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In November, there shouldn't be long lines at the Tour Eiffel - I'd do that first thing on Saturday morning. Then I'd métro/bus to Notre Dame, then Ste-Chapelle, hop over to the Ile Saint-Louis for your ice cream. That'll take the better part of the morning. Spend the afternoon on the right bank moseying around and take a tea break at Ladurée.

Sunday I'd start with brunch at the Jacquemart-André, then hightail it over to the Musée d'Orsay and the Louvre, which as someone mentioned are free that day. You could hit Les Invalides on your way back to the rue Cler area.

Monday you could métro/bus to the Pantheon and then go to Montmartre to see Sacré Coeur. You should have enough time to do that before heading for the airport.

StCirq is offline  
Jul 1st, 2005, 11:01 AM
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Well, here would be my top choices for a quick trip to Paris:

The Louvre (do the highlights) and the Tuileries.
Notre Dame and St Chappelle. Climb to the top at Notre Dame.
An evening boat tour.
Cluny museum and Rodin Museum. (I like those places.)
Luxembourg Garden.
Eiffel Tower, but I will not wait in the line to go up though.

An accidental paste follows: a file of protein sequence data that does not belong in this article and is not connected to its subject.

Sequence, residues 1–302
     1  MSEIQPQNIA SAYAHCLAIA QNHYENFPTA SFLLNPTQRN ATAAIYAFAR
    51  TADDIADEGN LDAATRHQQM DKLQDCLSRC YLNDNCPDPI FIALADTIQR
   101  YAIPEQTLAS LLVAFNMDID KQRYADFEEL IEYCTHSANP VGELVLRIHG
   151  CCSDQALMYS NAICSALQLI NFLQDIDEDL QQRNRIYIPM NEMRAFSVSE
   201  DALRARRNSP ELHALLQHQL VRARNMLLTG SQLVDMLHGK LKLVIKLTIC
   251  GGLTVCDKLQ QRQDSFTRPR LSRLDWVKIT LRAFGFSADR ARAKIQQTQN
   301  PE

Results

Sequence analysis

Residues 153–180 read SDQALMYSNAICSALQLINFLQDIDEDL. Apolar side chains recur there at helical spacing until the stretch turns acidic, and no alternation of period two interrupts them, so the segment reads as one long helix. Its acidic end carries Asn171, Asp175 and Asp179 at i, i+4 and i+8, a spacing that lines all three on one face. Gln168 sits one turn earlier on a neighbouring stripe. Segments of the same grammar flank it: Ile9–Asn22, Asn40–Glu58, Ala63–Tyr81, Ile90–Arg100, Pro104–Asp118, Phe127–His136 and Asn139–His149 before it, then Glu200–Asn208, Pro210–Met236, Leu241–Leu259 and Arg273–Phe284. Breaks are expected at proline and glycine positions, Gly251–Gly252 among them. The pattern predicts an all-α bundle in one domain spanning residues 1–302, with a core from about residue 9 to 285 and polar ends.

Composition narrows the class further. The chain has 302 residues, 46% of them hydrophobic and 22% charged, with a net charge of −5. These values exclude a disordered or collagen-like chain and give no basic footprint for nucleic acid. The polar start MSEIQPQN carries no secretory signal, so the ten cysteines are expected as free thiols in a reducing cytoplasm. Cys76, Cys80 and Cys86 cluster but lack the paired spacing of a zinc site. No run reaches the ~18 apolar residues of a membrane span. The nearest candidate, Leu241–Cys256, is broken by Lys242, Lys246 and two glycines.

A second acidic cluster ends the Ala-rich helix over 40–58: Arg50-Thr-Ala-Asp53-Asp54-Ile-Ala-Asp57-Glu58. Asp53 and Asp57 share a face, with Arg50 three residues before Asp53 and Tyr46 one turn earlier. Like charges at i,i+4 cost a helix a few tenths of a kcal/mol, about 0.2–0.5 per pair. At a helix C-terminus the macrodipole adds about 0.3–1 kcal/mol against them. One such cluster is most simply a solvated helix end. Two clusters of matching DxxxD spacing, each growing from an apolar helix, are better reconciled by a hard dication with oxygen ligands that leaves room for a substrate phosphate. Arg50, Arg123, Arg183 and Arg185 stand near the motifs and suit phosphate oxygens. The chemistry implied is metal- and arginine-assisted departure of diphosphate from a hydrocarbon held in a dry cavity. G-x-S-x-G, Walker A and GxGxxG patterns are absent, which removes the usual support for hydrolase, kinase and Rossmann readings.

I'd skip Arc de Triomph and Champs d'Elysees. I found the Champs to be not much more than hordes of tourists walking along miserably (but I'm not a shopper). Also Napolean's tomb and the Military Museum are not very interesting to me anyway.

I'd spend all the rest of my time walking around, sitting at cafes, sitting in parks, and going out to dinner. I would ride as little public transportation as possible, that way you see a lot more. (And I just hate those double decker buses.)
wliwl is offline  
Jul 1st, 2005, 12:47 PM
  #18  
 
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tcreath:

Aren't you the one who in April posted a note that said you got airline tickets to Paris from St. Louis for $330 per person? Where did you get those fares? Did they include taxes, fees and surcharges, and was it- or -was it not part of a package? That's an exceptional price, if you are indeed the same person who obtained them.
zola is offline  
Jul 1st, 2005, 12:54 PM
  #19  
 
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Yes, she's the one. She said so here:

http://www.fodors.com/forums/threads...2&tid=34596740
111op is offline  
Jul 1st, 2005, 01:30 PM
  #20  
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Thank you, 111op, for posting a link!

To everyone else, thank you again for your advice and help. It will be invaluable, I'm sure. I printed off all the responses and will use the suggestions to help me figure out some sort of itinerary.

Tracy
tcreath is offline